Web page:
Apr 13, 2016 by spinalcare
When people hear “chiropractor” they often think of “cracking” of the neck and back. While in some cases that might be true, at Spinal Care we think there are 2 main flaws with that idea. While that “cracking or popping” (known as an adjustment) is one tool we have at our disposal, it is just a small portion of the tools we use to eliminate pain and restore motion. Secondly, neck pain and back pain account for about 40-50% of our patient visits. That leaves the remaining 50-60% of our cases involving shoulders, knees, ankles, wrists and other joints. If it’s a joint that moves, we can likely help fix it. Once we fix a joint problem, our goal is to keep you out of our office as much as possible. In order to do that, you have to understand the key feature of keeping your joints healthy. All joint health comes down to a balance of 2 factors: stability and mobility.
All joints consist of 2 or more bones that articulate or meet, in conjunction with the muscles, tendons and ligaments (collectively known as soft tissue) that act on those bones to get them moving. Since bones can’t move themselves and muscles generally need a firm lever to contract and pull against, you cannot treat a joint by addressing just one feature without the other.
Stability of any joint involves the strength of the bone (which in most cases outside of trauma and disease is generally good) and the strength of the soft tissue (this is where most of us start to fall short). Some of us generally lack strength due to inactivity – which is an easy fix. Move more and move properly. Some of us are very strong and highly active, but our muscles tend to shut down or get inhibited from poor mechanics and repetitive use. This is concept is often a little tougher for some of us to comprehend. How can it be that the big Cross Fitters and power lifters have muscles that shut down? When you over-train certain muscles and ignore others, you create an imbalance that leads to an unstable joint. When marathoners and triathletes train only by running, biking and swimming (all in a forward motion), the lateral stabilizers (gluteus medius and minimus) shut down because they aren’t used to move sideways. All the while the quads and hamstrings get overused from all the forward motion. This is one example of the instability we see in our patients.
The second feature of any healthy joint is mobility. While all joints need to be stable, we are not barnacles and we are designed to move. Some joints are designed to move in only one plane, others are designed to move throughout many planes. Einstein’s laws apply to human joints as well as any other motion – bodies in motion stay in motion. The more you move a joint, the more you train the muscles to stay pliable and the joints to stay lubricated. Once a joint is “trained” to work in a limited range of motion, it will tend to stay there – which is why stretching and mobility work are so important. But there’s a catch. People often say to us that they stretch for hours, daily, for months on end and they see little change in their mobility (think hamstring stretching – this is the most common thorn in the back side of those of us committed to stretching). My answer to that is to look more in depth at the soft tissue. The muscle is a series of overlapping protein rods that contract and relax. When you stretch you help pull those rods apart making the muscle longer – at least in theory anyway. But what about the connective tissue surrounding that muscle – the fascia? Most people have not heard of the term fascia and we will look into that more in the next post, but think of it as a sleeve of thin filmy cling wrap that allows the muscles to glide easily past one another and other structures in the body. Fascia surrounds the muscles much like a stocking surrounds a foot. If that stocking is bound or “caught” on other structures, you can stretch until the cows come home, but you aren’t getting anywhere. In this case, you need to break down the adhesions that are keeping the fascia bound and stuck. We do that through a process of hands on therapy that frees the fascia and allows the muscle to return to its natural length and movement pattern. While it’s not the most fun you can have in an hour, it certainly will make an immediate difference in mobility.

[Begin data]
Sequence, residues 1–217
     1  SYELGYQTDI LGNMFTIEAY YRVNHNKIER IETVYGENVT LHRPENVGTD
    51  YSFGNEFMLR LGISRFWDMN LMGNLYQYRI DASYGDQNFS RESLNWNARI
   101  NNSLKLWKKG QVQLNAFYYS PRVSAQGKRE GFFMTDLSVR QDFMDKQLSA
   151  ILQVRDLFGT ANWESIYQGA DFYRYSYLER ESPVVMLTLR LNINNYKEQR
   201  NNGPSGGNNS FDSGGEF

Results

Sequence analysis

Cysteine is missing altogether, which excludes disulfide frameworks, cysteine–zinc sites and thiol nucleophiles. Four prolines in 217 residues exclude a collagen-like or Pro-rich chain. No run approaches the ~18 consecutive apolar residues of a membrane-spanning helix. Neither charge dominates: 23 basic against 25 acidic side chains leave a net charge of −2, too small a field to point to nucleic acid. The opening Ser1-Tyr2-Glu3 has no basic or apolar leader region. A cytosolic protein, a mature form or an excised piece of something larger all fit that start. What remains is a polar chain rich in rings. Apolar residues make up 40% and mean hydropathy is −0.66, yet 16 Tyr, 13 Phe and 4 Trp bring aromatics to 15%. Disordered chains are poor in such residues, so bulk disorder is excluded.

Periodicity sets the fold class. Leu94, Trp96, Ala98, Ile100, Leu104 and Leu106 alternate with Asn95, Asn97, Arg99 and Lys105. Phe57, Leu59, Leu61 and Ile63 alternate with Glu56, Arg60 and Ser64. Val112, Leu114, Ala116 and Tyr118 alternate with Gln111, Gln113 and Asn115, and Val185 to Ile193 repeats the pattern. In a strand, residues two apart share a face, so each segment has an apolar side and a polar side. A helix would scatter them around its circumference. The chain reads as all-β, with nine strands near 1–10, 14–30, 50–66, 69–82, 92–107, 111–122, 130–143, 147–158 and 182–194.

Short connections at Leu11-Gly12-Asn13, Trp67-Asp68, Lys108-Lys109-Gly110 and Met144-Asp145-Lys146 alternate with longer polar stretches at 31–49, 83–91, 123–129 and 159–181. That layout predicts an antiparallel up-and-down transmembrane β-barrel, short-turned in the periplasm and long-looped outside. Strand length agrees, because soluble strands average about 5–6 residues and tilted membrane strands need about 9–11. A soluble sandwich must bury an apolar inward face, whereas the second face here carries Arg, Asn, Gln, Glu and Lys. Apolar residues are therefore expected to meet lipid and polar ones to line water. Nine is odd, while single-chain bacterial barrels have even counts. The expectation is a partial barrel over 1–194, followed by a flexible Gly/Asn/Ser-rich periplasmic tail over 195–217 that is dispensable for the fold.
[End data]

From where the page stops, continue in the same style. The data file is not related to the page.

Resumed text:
Once we can free the tissues and help you to regain your mobility, then we can work with you to improve your overall stability and keep you healthy and out of our office.